#OTD in 1958 – The Springhill Mine bump: An underground earthquake traps 174 miners in the No. 2 colliery at Springhill, Nova Scotia, the deepest coal mine in North America at the time.

By November 1, rescuers from around the world had dug out 100 of the victims, marking the death toll at 74. “The Ballad of Springhill” was composed by American folksinger Peggy Seeger and English folksinger Ewan MacColl about the 1958 disaster. The song has been performed by many, including, Irish folk singer Luke Kelly.

‘The Ballad of Springhill’
(Peggy Seeger/Ewan MacColl)

In the town of Springhill, Nova Scotia,
Down in the dark of the Cumberland Mine,
There’s blood on the coal,
And the miners lie,
In roads that never saw sun or sky,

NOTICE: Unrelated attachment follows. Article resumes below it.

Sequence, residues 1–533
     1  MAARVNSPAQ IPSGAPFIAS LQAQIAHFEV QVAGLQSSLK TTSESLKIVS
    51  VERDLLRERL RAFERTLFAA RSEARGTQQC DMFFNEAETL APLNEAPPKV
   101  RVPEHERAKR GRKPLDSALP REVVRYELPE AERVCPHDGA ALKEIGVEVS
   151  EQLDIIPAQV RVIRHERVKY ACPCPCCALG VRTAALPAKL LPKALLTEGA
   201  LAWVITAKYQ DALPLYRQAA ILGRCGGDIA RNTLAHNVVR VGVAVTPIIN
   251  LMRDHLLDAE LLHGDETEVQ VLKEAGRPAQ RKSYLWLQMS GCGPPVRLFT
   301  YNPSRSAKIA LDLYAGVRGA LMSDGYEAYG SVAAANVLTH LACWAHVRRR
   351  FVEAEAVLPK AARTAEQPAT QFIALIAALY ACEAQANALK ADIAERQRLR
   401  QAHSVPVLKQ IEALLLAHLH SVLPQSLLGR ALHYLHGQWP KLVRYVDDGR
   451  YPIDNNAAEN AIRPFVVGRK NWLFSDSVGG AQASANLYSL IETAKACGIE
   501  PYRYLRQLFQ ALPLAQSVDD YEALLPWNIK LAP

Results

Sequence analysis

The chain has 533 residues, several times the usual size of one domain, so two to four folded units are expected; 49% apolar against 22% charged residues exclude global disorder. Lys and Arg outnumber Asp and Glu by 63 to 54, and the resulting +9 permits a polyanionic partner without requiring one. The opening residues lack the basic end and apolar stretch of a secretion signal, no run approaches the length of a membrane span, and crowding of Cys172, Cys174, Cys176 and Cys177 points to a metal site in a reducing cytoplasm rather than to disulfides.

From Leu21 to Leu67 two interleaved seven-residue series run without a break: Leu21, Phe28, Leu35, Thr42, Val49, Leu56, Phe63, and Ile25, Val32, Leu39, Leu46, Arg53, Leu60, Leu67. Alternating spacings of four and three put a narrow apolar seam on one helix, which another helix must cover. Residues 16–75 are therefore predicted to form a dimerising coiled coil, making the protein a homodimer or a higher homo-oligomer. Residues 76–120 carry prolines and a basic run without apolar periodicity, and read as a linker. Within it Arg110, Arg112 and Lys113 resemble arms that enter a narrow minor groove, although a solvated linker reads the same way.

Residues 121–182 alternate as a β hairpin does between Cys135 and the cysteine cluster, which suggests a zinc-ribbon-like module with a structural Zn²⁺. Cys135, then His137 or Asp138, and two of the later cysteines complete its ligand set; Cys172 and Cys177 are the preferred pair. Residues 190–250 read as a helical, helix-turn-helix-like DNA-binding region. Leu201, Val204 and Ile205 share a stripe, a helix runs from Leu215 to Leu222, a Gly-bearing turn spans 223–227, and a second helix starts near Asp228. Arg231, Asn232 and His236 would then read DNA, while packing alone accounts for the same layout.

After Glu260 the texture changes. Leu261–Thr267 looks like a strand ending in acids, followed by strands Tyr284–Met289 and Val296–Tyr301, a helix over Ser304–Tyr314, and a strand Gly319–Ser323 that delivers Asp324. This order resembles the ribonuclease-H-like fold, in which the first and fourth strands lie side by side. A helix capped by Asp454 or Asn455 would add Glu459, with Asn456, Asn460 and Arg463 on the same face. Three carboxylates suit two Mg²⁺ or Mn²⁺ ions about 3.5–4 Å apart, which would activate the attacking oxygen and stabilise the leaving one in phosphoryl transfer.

Roads that never saw sun or sky

In the town of Springhill you don’t sleep easy,
Often the earth will tremble and roll,
When the earth is restless miners die,
Bone and blood is the price of coal,
Bone and blood is the price of coal.

In the town of Springhill, Nova Scotia,
Late in the year of ’58,
The day still comes and the sun still shines,
But it’s dark as the grave in the Cumberland mine,
Dark as the grave in the Cumberland Mine.

Three days past when the lamps gave out,
And Caleb Rushton got up and said,
“We’ve no more water or light or bread,
So we’ll live on songs and hope instead,
Live on songs and hope instead.”

Listen for the shouts of the black face miners,
Listen through the rubble for the rescue teams,
Three hundred tonnes of coal and slag,
Hope imprisoned in a three foot seam,
Hope imprisoned in a three foot seam.

Twelve days past and some were rescued,
Leaving the dead to lie alone,
Through all their live they dug a grave,
Two miles of earth is a marking stone,
Two miles of earth is a marking stone

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